Source: Geophysical Research Letters (GRL) paper 10.1029/2006GL026507, 2006

11. Monitoring the Atmospheric Boundary Layer through the occultation of GPS signals

The Atmospheric Boundary Layer (ABL) is the lowermost layer of the atmosphere and is characterized by turbulence. Knowing the height and thermodynamic properties of the ABL is important for understanding the vertical exchange of momentum, heat, and water vapor between Earth's surface and the atmosphere, and thus is important for weather prediction and climate science. The transition between the ABL and the overlying, more stably stratified troposphere is generally accompanied by a temperature inversion and a sharp decrease in water vapor. Sokolovskiy et al. examined the frequency and amplitude of radio signals as they passed through the atmosphere from the GPS satellites to the lower-orbiting Argentine SAC-C satellite, which carried a NASA GPS receiver developed by the Jet Propulsion Laboratory. The authors used abrupt changes in the slope of the vertical profile of refractivity to identify the top of the Atmospheric Boundary Layer. Obtaining accurate profiles of refractivity this low in the atmosphere through radio occultation was made possible by a new technique known as open-loop tracking. The authors expect that the newly launched COSMIC satellites will provide global observations of the ABL's height and structure.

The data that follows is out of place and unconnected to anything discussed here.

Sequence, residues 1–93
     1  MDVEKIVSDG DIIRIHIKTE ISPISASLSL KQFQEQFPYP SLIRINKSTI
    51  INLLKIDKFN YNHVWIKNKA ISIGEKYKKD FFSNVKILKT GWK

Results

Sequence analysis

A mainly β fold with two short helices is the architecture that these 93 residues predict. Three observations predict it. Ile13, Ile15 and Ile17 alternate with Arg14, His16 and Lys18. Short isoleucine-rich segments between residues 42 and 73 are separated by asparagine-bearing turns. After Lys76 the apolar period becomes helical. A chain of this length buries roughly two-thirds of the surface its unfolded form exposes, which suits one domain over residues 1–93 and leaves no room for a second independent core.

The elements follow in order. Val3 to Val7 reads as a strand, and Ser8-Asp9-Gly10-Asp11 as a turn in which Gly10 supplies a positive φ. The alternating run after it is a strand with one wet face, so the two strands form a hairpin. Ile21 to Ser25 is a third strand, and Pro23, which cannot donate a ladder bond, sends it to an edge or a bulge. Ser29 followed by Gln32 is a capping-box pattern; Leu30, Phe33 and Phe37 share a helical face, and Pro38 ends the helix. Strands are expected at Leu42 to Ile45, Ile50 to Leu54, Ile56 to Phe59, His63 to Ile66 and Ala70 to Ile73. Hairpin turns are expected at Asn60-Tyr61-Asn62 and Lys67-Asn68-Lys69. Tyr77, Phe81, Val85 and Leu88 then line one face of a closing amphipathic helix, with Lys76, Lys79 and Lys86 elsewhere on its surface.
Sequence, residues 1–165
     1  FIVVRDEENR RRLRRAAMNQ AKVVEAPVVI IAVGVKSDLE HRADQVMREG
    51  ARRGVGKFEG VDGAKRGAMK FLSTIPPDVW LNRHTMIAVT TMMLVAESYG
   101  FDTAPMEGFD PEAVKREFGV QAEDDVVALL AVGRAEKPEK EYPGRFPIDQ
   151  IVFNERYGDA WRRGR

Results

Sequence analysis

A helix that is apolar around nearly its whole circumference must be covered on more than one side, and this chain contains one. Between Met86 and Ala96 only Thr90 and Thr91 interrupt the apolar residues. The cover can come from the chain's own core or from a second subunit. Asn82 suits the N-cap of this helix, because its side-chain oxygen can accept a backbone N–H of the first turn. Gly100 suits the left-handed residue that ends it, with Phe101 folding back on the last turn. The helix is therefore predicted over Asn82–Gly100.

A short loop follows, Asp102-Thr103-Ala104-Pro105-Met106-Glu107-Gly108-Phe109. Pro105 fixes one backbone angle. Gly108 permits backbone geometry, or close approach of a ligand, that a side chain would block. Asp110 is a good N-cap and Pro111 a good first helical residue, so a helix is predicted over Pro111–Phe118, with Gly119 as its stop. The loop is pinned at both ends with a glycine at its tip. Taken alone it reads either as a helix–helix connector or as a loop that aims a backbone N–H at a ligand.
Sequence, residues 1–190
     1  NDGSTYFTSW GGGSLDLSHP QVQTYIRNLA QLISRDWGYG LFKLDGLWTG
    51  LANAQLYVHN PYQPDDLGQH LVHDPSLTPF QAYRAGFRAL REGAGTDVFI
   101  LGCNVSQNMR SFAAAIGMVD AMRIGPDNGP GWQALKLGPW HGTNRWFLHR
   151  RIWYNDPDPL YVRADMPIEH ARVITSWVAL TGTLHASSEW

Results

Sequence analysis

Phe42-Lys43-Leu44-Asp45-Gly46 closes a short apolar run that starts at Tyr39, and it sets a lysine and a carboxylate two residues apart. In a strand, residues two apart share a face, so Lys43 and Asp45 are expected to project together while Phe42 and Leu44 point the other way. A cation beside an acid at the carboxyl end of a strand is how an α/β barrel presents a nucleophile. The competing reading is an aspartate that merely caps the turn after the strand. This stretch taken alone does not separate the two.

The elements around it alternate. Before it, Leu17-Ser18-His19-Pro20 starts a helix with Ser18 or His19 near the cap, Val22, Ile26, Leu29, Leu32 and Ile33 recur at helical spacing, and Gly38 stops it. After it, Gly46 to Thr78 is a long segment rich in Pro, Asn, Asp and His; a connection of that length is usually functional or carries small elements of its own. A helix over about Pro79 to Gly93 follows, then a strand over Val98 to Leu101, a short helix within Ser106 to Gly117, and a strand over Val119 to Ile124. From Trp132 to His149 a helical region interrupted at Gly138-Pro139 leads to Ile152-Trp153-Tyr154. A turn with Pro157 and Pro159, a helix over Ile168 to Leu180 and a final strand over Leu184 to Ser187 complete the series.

Title: Monitoring the atmospheric boundary layer by GPS radio occultation signals recorded in the open-loop mode

Authors: S. Sokolovskiy, Y.-H. Kuo, C. Rocken, W. S. Schreiner, D. Hunt, and R. A. Anthes: University Corporation for Atmospheric Research, Boulder, Colorado, USA.

Source: Geophysical Research Letters (GRL) paper 10.1029/2006GL025955, 2006

12. Antarctic Bottom Water is produced and exported by tides in the Ross Sea

In the waters around Antarctica, scientists had previously identified the three water masses that contribute to the formation of Antarctic Bottom Water (AABW): cold, fresh Antarctic Surface Water; warm, salty Circumpolar Deep Water, and shelf water with temperatures near- to below-freezing at a broad range of salinities. It was assumed that AABW formation must take place near the edge of the continental shelf, where all three parent water masses are present, but the process had never been observed directly. Whitworth and Orsi analyzed data from an array of moored instruments deployed during the austral summer of 2003 near the shelf break of the Ross Sea as part of the multi-institutional AnSlope experiment. They found that AABW is produced by daily tidal stirring of the three parent water masses. Tides carry Circumpolar Deep Water from offshore to the shelf and stir the lower portion of the water column to a near-homogeneous mixture with Antarctic Bottom Water characteristics at the shelf break. The formation rate is estimated at about two million cubic meters [500 million gallons] per second.

Title: Antarctic Bottom Water production and export by tides in the Ross Sea

Authors: T. Whitworth III and A. H. Orsi: Department of Oceanography, Texas A&M University, College Station, Texas, USA.

Source: Geophysical Research Letters (GRL) paper 10.1029/2006GL026357, 2006